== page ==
Home Equity Loans Revealed

 


Debt Consolidation And LoansLike any other form of credit, a home equity loan, sometimes called a home equity mortgage, can be a smart and practical way to pay off high-interest credit card debt and other expenses. Since home equity loan rates tend to be far more reasonable than those of other lines of credit, if you use a home equity loan responsibly, you can use the equity you've built up in your home to enhance its value like a home improvement loan. However, since your home is probably your single biggest asset, you should be very careful about how and when you use this resource, or you risk losing it.

When it makes good financial sense to take out a home equity loan

If you have a steady job and a reliable source of income, and you're certain that you'll be able to pay off the home equity mortgage on time, borrowing against your home's equity can be a wise move. Home equity loans are tax-deductible, and home equity loan rates are far lower than other sources of credit. If you use this money to pay off high-interest credit card debt, use it for large home repair bills, or apply it to unforeseen expenses such as medical bills, this is smart money management. In fact, the majority of people who take out home equity loans use them to pay off credit card debt.

When home equity loans are a bad idea

Borrowing against your home always carries a bit of risk even under the best of circumstances, but here are some examples of when it should be avoided altogether.

  • Using the money for investments. Even though a stock or other investment looks like a sure thing, using your home's equity for anything that has the slightest chance of losing money is perilous at best. The stock-market plunge in the fall of 2008 should serve as a cautionary tale against counting on investment returns.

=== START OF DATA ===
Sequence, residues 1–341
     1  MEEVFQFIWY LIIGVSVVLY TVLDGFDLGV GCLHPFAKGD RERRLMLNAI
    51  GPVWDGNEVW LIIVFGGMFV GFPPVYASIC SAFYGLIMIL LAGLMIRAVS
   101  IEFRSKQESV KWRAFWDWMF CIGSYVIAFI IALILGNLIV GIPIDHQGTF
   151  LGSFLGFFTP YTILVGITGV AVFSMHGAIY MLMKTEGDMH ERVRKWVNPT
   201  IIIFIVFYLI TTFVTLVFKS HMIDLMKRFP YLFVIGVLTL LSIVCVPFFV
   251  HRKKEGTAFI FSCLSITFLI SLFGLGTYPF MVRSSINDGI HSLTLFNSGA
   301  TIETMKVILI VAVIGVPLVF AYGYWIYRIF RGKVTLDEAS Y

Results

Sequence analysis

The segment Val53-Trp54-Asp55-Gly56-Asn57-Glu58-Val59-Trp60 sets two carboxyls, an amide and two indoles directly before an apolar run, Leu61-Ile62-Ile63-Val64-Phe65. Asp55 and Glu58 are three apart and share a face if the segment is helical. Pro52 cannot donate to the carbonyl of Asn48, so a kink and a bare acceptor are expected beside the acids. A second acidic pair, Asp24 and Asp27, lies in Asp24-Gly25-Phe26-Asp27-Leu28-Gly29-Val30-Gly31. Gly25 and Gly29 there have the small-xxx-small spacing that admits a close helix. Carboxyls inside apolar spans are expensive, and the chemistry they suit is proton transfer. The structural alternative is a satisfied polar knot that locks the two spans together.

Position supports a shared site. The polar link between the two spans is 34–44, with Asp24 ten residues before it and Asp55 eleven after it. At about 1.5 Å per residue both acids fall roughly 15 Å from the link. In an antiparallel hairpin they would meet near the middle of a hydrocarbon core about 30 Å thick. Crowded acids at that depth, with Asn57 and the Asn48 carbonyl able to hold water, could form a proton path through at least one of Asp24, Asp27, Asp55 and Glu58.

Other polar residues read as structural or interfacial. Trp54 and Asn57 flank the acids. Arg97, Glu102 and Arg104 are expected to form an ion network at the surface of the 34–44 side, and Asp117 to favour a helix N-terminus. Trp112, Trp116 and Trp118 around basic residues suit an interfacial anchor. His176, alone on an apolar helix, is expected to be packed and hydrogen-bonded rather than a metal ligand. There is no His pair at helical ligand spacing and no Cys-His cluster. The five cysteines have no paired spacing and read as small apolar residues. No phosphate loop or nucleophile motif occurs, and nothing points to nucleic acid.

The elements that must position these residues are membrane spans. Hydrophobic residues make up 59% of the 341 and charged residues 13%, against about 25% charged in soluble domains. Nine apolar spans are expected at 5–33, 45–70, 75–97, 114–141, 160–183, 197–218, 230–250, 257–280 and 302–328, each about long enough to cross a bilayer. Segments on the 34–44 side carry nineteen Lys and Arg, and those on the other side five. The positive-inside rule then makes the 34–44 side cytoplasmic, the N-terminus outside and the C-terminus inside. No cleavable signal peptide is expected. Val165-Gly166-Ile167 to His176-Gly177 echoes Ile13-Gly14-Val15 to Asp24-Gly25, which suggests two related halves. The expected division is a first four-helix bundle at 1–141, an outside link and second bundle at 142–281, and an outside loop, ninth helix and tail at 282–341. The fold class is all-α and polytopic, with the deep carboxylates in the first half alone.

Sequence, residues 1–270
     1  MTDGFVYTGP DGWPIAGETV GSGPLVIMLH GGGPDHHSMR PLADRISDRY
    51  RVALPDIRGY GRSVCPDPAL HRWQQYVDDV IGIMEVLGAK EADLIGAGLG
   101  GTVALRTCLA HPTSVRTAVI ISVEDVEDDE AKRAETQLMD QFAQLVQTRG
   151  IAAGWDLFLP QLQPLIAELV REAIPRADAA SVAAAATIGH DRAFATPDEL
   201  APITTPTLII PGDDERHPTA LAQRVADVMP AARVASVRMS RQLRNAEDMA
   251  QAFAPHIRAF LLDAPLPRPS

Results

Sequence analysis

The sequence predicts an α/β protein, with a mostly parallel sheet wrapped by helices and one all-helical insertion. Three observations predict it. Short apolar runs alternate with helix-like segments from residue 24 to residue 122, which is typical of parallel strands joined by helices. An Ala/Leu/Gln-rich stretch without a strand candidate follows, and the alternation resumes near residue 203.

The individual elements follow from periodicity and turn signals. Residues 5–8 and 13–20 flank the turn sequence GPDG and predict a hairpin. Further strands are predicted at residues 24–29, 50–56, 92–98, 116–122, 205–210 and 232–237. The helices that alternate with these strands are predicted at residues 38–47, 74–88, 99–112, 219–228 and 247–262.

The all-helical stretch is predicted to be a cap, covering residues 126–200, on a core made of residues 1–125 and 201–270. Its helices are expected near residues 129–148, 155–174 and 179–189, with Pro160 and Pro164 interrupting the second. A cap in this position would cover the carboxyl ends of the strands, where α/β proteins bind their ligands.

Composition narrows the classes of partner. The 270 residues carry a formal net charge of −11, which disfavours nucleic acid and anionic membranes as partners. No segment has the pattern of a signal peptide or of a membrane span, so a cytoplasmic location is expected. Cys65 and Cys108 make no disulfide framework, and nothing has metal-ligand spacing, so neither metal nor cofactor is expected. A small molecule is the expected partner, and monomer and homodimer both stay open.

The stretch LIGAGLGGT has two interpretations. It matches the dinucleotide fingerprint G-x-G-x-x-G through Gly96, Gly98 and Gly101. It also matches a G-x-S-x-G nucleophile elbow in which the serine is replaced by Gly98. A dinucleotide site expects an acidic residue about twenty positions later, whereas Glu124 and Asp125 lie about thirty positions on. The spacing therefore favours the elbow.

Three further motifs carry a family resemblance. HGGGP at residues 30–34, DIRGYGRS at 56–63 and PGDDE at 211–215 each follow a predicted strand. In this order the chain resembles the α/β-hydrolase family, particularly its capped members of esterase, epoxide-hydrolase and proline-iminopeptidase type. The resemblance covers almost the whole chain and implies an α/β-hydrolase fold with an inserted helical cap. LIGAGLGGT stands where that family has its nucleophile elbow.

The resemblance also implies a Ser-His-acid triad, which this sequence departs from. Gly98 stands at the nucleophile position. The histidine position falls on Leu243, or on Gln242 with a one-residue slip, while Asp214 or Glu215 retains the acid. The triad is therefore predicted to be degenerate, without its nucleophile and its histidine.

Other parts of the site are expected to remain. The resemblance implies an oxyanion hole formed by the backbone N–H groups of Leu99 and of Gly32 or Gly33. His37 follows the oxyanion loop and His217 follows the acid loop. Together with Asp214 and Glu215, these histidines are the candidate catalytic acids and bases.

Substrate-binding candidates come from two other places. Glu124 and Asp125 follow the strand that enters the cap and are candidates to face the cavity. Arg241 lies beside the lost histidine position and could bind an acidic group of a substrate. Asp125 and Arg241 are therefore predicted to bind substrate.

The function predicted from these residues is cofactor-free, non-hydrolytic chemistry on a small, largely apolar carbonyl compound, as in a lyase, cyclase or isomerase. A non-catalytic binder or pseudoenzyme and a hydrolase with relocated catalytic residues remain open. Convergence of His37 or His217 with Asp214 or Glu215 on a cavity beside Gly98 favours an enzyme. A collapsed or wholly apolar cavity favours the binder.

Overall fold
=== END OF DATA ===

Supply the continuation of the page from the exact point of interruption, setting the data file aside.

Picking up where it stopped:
• Using the money to buy a car. If your car dies and you're in a tight financial spot, this is tempting, but you may still be paying it off after the car's useful life is over.

  • When the loan exceeds the home's value. Some home equity loans are structured to let the borrower borrow up to 125% of the home's value. This is a lousy proposition for the homeowner, because it's not tax-deductible and will only benefit the lender.

  • When you use the money for a want, not a need. Using a home equity loan for costly repairs — a new roof, a new furnace, extensive plumbing or electrical work — is a need and a practical use of the money. But if you plan to use the money for wants, such as a swimming pool, a three-season porch, or a home spa, you're better off putting some money aside each month and saving for it.

As stated previously, you should always be very careful about how, when, and why you take out a home equity loan, because your home is your single biggest asset. If you're unable to pay off the home equity mortgage for some reason, you could lose your home, and your credit score would take a huge hit from the default. Before signing any home equity loan documentation, sit down and soberly assess whether this line of credit makes sense from a financial and practical standpoint.

 

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